Yoga and the Weightlifter
If weight training is part of your fitness routine, yoga can be a great way to maximize the benefits of weightlifting. Particularly, yoga can be a great way for weightlifters to increase strength in the smaller stabilizing muscles of the shoulder, and it can also help increase mobility by decreasing muscle tightness in the shoulder.
The shoulder is one of the largest and most complex joint systems in the body. In the shoulder, the round, protruding head of the humerus fits into the concave opening of the scapula, creating what is known as a ball-and-socket joint. Because of this construction, the shoulder is the most mobile joint in the body.
But with this increased mobility also comes a greater risk for instability. A network of nearly twenty muscles work to stabilize the shoulder by holding the head of the humerus in place and assisting in moving the shoulder through its range of motion. Shoulder stabilization can be increased through strengthening with weightlifting and yoga.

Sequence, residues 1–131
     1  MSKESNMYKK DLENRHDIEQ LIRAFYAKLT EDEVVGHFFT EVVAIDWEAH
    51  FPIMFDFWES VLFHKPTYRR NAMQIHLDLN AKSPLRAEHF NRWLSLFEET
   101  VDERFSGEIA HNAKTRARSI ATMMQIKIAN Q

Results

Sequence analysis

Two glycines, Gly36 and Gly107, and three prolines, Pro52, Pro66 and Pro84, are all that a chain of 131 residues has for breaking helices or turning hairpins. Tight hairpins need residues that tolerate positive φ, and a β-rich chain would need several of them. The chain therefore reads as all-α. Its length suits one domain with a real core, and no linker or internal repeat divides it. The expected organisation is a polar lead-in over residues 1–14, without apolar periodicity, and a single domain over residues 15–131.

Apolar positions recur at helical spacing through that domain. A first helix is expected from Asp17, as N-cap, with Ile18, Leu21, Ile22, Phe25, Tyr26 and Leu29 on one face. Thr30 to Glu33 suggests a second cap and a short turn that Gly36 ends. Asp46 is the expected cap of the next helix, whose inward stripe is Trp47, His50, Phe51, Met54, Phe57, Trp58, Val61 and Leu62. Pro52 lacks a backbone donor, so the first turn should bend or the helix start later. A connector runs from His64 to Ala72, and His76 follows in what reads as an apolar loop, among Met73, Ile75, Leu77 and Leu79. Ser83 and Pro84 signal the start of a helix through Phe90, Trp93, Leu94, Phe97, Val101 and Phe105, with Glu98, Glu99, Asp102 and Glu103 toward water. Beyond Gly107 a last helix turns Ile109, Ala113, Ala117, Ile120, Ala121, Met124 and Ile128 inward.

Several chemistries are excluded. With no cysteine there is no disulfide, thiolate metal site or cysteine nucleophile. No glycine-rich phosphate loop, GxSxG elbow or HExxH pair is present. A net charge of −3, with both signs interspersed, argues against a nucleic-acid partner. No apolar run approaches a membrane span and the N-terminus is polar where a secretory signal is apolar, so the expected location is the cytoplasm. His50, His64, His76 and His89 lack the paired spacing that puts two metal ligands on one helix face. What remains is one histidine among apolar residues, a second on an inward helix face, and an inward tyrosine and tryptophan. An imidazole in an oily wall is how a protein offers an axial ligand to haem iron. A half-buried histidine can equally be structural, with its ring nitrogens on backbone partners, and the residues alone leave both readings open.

Shoulder Range of Motion
The types of range of motion in the shoulder are:
Flexion: Shoulder flexion is performed when the arm lifts forward from the midline up to 180 degrees. The shoulder is in flexion in yoga poses such as downward facing dog, puppy pose and any other pose where your arms raise over your head.
Extension – Shoulder extension is performed when the arm moves from the midline behind the back, up to 45-60 degrees. In camel pose, the shoulders are in extension as the hands reach back and down toward the heels. Shoulder extension also occurs in poses like airplane and humble warrior when the arms are extended behind the back.
Abduction – Shoulder abduction is performed when the arm raises to the side until parallel to the floor at about 90 degrees. In warrior two, both arms would be in abduction. The opposite movement, adduction, is performed when the arms are returned to the midline from parallel.
Internal Rotation – Internal rotation is performed when an extended arm rotates from palms up to palms down position. Returning to the example of warrior two, the shoulders are internally rotated as the palms are facing the floor. The shoulder is also internally rotated in several arm variations, such as cow face pose or reverse prayer hands position.
External Rotation – External rotation is performed when an extended arm rotates from palms down to palms up. In some variations of mountain pose, the shoulders are in external rotation as the arms are slightly raised from the midline with palms facing forward. The shoulders are also in external rotation in poses like wheel and many arm balances.